Monday, February 19, 2007
We took this as a riddle: name the five ancient Chinese grains. Besides wheat we knew rice, millet, and barley. We racked our brains. We googled.
The fifth grain is soybeans. Gotcha!
Sunday, February 18, 2007
1 and 1/2 cups milk (skim, 1%, 2% or whole milk are ok)
1 oz. unsweetened chocolate (1 square)
3 tablespoons cornstarch
1 Tb cocoa
1/2 cup white sugar OR 1/4 c. each white and brown sugar
dash of salt -- optional
1/4 cup milk
1-2 tsp. vanilla
In a large bowl microwave the 1.5 cups milk with the unsweetened chocolate for around 5 minutes on medium power (50-60%). Stir, and continue to microwave in half-min. increments just until the chocolate melts. The mixture may be a little uneven with very small bits of chocolate still visible -- they will blend in during the final cooking.
While the chocolate is melting, mix the cornstarch, cocoa powder, and sugar together. Then dissolve the dry mixture into the 1/4 cup of cold milk. When the chocolate has melted, add a little of the hot mixture to the cornstarch mixture and stir thoroughly. When you have a slightly warmed mixture, slowly blend it into the hot milk/chocolate. Return the pudding to microwave, and cook on medium-high power (60-70%) for 3 to 5 minutes until the mixture begins to thicken. Stir the pudding and add the vanilla. Microwave another half a minute if it's not yet thick enough.
Chill the pudding for at least half an hour before serving. Makes 4 medium-sized servings.
Note: In theory 1 ounce of unsweetened chocolate equals 3 tablespoons cocoa and 1 tablespoon of butter. I haven't experimented with this possibility, but you could probably heat the butter in the milk, and then proceed using 1/4 cup cocoa total in the dry mixture. You could also experiment with semi-sweet chocolate.
Thursday, February 15, 2007
Today, Americans often prefer the dairy versions made with wide egg noodles, egg custard, and varying amounts of dried or canned fruit. These recipes are popular for brunches and pot-lucks. I suspect that as time has gone by over the generations, sweet kugels have become sweeter and sweeter. Some use a streusel-type topping of crushed corn flakes: this must be a New-World addition!
When Myrtle saw my last post of a recipe for sweet noodle kugel, which her sister gave me, she sent me her favorite kugel recipe:
Rich-and-Fruity Lokshen Kugel
(Myrtle's Sweet Noodle Pudding)
8 ounces medium-wide egg noodles
1 10 1/2 -ounce (or similar) can mandarin orange segments, drained
1 16- ounce can pitted dark, sweet cherries, drained
1 8- ounce can crushed pineapple, including juice
1 cup commercial sour cream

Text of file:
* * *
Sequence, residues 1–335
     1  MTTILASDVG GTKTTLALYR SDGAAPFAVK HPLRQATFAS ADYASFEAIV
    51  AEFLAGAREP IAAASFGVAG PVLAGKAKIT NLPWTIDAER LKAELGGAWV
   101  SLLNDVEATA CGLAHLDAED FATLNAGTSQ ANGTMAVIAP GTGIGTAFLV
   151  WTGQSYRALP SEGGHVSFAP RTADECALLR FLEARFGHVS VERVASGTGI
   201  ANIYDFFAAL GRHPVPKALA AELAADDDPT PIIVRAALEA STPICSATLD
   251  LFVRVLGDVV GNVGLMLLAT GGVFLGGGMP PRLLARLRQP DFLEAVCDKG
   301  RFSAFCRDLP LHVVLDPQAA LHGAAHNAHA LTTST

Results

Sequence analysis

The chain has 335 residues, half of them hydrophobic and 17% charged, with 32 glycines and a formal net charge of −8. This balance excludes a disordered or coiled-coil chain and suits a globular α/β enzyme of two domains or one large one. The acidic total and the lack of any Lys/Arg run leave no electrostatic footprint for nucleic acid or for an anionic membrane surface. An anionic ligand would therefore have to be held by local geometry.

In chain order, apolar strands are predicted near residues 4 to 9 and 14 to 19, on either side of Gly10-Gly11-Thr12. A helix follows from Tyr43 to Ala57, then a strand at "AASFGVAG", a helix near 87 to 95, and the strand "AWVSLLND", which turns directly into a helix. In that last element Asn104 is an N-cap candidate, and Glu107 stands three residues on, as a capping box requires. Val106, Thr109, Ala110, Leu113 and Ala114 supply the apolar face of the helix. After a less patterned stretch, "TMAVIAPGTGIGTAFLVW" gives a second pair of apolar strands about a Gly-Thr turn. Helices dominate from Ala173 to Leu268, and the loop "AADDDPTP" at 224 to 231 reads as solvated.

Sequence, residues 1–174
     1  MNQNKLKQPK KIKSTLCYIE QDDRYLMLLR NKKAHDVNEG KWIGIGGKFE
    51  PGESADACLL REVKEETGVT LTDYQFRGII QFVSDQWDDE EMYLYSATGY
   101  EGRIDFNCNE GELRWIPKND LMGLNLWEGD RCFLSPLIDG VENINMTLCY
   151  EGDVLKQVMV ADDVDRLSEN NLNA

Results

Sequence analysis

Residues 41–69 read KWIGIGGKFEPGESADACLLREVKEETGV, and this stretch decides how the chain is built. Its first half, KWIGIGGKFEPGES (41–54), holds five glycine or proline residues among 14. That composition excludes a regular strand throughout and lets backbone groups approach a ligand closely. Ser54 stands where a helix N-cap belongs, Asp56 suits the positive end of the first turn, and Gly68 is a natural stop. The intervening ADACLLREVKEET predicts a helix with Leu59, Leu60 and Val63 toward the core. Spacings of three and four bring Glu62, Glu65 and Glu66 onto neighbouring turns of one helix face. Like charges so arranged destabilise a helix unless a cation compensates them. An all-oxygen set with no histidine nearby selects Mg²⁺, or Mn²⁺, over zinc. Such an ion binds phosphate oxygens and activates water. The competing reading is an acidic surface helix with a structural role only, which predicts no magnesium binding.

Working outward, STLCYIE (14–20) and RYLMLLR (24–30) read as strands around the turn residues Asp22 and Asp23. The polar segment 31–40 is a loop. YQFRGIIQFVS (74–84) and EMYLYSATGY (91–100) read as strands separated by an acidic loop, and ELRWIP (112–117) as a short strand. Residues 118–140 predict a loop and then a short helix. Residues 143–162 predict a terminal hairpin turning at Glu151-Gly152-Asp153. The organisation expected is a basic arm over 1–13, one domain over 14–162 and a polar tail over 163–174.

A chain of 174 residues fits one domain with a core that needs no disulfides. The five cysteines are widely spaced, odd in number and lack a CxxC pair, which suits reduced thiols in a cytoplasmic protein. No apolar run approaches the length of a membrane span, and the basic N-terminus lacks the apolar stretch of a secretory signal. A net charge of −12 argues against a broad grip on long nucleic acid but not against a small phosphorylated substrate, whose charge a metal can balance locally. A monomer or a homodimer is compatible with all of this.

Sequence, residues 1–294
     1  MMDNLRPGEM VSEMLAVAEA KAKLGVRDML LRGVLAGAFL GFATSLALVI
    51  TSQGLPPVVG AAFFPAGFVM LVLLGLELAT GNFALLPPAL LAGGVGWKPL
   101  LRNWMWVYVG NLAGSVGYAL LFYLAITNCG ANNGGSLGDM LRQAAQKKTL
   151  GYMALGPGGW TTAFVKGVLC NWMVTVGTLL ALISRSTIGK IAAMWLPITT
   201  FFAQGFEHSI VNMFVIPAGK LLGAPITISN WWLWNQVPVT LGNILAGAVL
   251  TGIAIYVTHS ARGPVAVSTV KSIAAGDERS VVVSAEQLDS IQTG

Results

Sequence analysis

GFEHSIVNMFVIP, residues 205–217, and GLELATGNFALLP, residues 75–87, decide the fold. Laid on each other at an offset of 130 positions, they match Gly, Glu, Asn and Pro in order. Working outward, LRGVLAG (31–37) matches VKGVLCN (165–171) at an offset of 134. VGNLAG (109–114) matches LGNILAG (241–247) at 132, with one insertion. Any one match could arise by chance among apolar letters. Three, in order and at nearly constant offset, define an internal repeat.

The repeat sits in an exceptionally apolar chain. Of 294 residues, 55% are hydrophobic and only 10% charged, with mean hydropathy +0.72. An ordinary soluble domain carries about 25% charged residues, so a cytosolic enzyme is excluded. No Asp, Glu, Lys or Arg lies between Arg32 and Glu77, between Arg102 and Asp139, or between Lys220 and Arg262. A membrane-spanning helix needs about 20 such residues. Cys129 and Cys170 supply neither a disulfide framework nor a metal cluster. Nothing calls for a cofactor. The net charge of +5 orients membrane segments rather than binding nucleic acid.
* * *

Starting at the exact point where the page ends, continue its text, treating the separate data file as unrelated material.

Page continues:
1/3 cup butter, softened and cut into small pieces
1 8-ounce package cream cheese, softened and cut into small pieces
1/3 cup sugar
2 tablespoons honey
1 teaspoon vanilla extract
5 large eggs
2 tablespoons sugar
1 teaspoon ground cinnamon
Cook the noodles according to the package directions and drain them well.
Combine them with all the canned fruit, and spread the mixture in a well buttered or non stick spray-coated baking dish.
In a blender or food processor (fitted with the steel blade), combine the sour cream, butter, cream cheese, sugar, honey, vanilla and eggs. Process until completely smooth, about 1 minute or longer, scraping down the sides of the container once or twice. Pour the mixture over the noodles and fruit; then stir gently with a spoons so that all the ingredients are evenly distributed.
Combine the topping ingredients (if used) and sprinkle over the top of the casserole.
Bake the kugel in a preheated 350’ oven for 1 hour, or until it is set. Let it rest for 10 to 15 minutes before cutting. Serve warm or at room temperature, and refrigerate it uncut. Shortly before serving, reheat it, covered, in a 350’ oven until warmed through.
Makes about 12 servings
(I made 1 ½ times the recipe, doubling the mandarin oranges and pineapple, but not the bing cherries.)
Tuesday, February 13, 2007
8 oz pkg cream cheese, softened
1 stick butter, softened
4 eggs, well beaten
1/2 cup sugar
1 cup milk
1/2 to 1 tsp vanilla
Optional: cinnamon-sugar mixture
Blend butter & cheese in mixer. Add egg, milk & sugar, blend well. Add mixture to noodles.
Pour into lightly greased 8 by 8 inch baking dish (for 12 oz noodles, use 9 x 9 inch pan). Sprinkle with cinnamon-sugar mixture if you like. For a double recipe use 9 by 13 inch baking dish.
Bake for 1 hour at 350 degrees. Makes around 6 servings. I have added a handful of golden raisins sometimes, but it's not necessary. The photo shows the leftovers.
Monday, February 05, 2007
Part of the fun of a birthday party is baking a cake, making icing, and licking the icing bowl. Evelyn said we were too rushed, and needed canned frosting. I read the can: vastly transfat! So I bought a box of powdered sugar and made the icing recipe on the back of the box with BUTTER, no transfat at all.
Alice and Zion helped sprinkle pink and red sugar on top of the icing, and we used the Strawberry Shortcake candle, as Alice's birthday theme was Strawberry Shortcake. Note that she had the hat!
Before the cake and ice cream with strawberries, the guests had pizza for lunch.